The company seeking to develop the controversial copper mine is sticking to its plans, despite federal action that barred permitting for the project
The company trying to build a huge copper and gold mine in the salmon-rich Bristol Bay will keep fighting for the project, despite a decision by the federal government to keep the proposed development site off-limits to large-scale metals mining.
John Shively, chief executive officer of the Pebble Limited Partnership, made that vow in a presentation at the Alaska Miners Association annual convention in Anchorage. He said the Pebble mine had the potential to transform the economy and improve lives in the rural Bristol Bay region, just as he said the Red Dog Mine, one of the world’s biggest zinc producers, has done in Northwest Alaska.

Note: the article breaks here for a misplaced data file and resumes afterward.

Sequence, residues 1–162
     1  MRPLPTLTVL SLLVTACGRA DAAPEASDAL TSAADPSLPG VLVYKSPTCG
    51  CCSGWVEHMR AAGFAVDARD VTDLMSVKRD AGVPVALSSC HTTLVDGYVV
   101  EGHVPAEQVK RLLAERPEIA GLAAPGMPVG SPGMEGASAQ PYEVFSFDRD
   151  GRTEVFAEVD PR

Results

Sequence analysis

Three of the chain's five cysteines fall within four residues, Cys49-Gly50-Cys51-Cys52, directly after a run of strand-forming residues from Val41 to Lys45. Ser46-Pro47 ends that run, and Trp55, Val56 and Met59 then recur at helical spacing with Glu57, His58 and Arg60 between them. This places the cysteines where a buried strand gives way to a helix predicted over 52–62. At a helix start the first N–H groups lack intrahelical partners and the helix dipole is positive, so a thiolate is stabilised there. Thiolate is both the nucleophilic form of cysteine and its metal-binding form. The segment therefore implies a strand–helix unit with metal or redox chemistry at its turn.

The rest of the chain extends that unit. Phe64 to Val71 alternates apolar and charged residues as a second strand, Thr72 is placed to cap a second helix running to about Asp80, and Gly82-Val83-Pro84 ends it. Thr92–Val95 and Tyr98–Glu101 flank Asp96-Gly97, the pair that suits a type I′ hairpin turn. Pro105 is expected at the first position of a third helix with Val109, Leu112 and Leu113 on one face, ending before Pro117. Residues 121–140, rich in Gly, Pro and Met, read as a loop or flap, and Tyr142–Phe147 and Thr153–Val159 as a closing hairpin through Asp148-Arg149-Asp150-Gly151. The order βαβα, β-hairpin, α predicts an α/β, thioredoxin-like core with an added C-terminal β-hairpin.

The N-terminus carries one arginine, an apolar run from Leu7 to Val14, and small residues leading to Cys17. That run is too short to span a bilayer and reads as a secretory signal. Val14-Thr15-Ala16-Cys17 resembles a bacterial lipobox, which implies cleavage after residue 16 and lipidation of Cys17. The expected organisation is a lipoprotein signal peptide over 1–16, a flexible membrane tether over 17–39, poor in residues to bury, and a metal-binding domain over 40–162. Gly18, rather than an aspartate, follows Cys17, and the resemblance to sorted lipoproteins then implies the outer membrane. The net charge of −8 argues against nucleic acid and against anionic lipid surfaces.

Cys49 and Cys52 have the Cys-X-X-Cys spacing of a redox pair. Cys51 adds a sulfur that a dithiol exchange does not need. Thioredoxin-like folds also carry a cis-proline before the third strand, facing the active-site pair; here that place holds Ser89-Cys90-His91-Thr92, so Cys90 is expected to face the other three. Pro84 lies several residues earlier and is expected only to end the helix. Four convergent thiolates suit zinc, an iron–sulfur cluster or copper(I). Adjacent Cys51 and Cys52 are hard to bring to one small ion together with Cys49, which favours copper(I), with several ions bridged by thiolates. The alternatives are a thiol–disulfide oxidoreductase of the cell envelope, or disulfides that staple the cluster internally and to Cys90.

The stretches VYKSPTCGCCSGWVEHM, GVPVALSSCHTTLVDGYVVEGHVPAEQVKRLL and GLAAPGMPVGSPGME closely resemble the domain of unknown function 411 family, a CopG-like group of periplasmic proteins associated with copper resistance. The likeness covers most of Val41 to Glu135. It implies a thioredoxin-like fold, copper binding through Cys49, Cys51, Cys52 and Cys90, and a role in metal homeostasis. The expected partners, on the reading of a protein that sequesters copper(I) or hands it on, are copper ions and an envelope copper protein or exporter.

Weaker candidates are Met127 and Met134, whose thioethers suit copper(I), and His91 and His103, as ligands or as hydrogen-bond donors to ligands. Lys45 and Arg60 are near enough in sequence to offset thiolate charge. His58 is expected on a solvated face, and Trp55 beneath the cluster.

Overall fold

“That’s why we’re still fighting this. The resources are there. We’re still here. We’re not going anywhere,” he told the convention audience in his presentation on Thursday.
The company’s fight is backed by the administration of Gov. Mike Dunleavy. At his direction, the state in July filed a lawsuit directly to the U.S. Supreme Court to try to overturn a decision by the Environmental Protection Agency that bars permitting for any Pebble-type mine in key areas of the Bristol Bay watershed.